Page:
Overpriced properties sit on the market for longer than necessary
Homeowners who put their properties on the market are obviously looking to get the best possible returns on their investment but they also need to ensure their homes are priced right.
A vital aspect of selling a home is its listing price, so having a sound pricing strategy is essential to find the right buyer, says Adrian Goslett, regional director and chief executive of RE/MAX of Southern Africa.
“Regardless of whether the market favours buyers or sellers, sellers need to price their property accordingly to ensure they attract the right buyers.
“In today’s age of readily available data, buyers are savvy and educated with regard to property pricing and fair market value.”
According to Goslett, sellers should avoid these six common pricing mistakes:
The most common pricing mistake homeowners make is inflating their listing price to counteract buyer negotiations. There is also the matter of emotional attachment to the home, says Goslett, explaining that many homeowners perceive their home to be the best in the neighbourhood and set a price that is relative to the value they perceive. However, buyers may not see the home’s value in the same way.
“An inflated price will leave out strong potential buyers, especially if statistics and sales figures of other properties in the area don’t support the asking price. The seller will run the risk of multiple price reductions, which could have the home sitting on the market for longer than necessary.”
Disregarding recent home sale prices
Often the selling price varies from the initial asking price and to gauge fair market value and arrive at an asking price that will generate buyer interest, sellers must base their price assessments on what other homes in the area sold for, not what they were listed for.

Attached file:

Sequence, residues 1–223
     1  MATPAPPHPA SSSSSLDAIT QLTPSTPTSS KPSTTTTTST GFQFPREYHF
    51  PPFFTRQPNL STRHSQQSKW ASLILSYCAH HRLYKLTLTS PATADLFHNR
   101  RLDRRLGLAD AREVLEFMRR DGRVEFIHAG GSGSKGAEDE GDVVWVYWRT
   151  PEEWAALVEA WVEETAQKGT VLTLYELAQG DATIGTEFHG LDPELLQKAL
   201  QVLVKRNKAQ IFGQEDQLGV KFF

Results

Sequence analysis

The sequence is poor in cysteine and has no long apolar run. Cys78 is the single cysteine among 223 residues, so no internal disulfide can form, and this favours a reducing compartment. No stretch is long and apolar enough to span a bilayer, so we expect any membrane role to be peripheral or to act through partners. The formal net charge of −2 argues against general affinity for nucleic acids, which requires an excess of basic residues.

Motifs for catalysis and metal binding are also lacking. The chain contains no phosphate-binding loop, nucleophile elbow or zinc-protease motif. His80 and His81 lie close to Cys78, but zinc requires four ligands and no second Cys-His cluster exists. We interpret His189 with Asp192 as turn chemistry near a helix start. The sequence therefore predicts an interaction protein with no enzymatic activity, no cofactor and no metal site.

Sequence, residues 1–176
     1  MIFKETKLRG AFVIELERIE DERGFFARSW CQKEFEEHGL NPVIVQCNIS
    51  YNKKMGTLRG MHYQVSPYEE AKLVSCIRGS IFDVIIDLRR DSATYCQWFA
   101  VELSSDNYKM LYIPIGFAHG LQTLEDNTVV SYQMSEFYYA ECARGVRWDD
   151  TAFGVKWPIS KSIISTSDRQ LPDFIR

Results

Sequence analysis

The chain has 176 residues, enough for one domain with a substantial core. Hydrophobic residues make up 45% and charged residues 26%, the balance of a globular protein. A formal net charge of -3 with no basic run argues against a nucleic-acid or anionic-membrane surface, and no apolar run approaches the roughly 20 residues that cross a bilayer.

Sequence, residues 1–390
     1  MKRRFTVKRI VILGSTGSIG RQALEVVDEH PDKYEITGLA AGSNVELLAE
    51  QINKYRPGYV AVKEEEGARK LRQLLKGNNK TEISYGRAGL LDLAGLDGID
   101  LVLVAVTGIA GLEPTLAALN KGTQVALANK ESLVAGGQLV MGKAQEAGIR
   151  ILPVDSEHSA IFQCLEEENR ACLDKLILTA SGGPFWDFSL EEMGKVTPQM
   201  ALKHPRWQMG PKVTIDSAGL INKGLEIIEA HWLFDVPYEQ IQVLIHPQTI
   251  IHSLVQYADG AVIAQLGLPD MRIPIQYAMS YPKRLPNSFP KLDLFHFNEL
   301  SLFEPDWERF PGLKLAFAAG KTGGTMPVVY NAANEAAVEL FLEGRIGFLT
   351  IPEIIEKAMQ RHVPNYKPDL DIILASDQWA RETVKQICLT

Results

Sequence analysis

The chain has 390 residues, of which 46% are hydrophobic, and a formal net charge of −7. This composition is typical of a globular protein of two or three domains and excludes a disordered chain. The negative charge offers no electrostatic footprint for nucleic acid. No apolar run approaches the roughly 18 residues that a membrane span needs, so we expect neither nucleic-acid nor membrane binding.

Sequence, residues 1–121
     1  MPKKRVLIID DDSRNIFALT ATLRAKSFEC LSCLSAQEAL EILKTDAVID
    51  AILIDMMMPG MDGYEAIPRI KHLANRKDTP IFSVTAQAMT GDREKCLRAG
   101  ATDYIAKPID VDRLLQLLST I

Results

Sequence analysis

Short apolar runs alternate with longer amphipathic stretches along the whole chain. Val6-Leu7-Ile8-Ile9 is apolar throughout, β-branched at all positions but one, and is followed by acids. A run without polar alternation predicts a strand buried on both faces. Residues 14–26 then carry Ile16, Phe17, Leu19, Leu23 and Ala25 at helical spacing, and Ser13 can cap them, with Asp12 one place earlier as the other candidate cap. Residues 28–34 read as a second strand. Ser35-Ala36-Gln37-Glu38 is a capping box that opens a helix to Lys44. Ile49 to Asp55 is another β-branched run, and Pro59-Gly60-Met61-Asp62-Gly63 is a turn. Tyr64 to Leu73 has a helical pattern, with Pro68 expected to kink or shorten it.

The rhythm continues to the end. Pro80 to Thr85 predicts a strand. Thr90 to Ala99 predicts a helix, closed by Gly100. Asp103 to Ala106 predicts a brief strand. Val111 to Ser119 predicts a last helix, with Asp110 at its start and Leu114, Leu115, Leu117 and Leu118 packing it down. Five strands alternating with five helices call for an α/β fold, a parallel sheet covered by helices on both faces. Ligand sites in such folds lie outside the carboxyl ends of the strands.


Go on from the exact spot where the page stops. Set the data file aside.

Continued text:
Not considering online search parameters
Nine out of 10 buyers start their home search online and it is crucial to consider this when setting an asking price.
“Property search portals require the user to enter a price range to narrow down their search options. If the asking price is R755000 and the buyer’s price range is R700000 to R750000, the home will be missed. By listing the property at R750000, there will be a greater chance of capturing potential buyers in the ranges above and below the asking price,” Goslett says.
Not open to negotiation
Deals die quickly if the parties are not open to negotiating.
“Staying steadfast on the asking price, or other conditions, could mean that the seller is in for a long and bumpy ride during the selling process. Sellers may need to decide whether it is more important to get the full asking price and have the home on the market for longer or make a few concessions and close the deal.”
Not considering agent’s insight
An agent will have access to resources and information that the homeowner will not, and will base their assessment on facts and figures. An agent will be able to provide an unbiased opinion, looking at the situation from all angles, such as the home’s features, the local market, recent sales and more, Goslett says.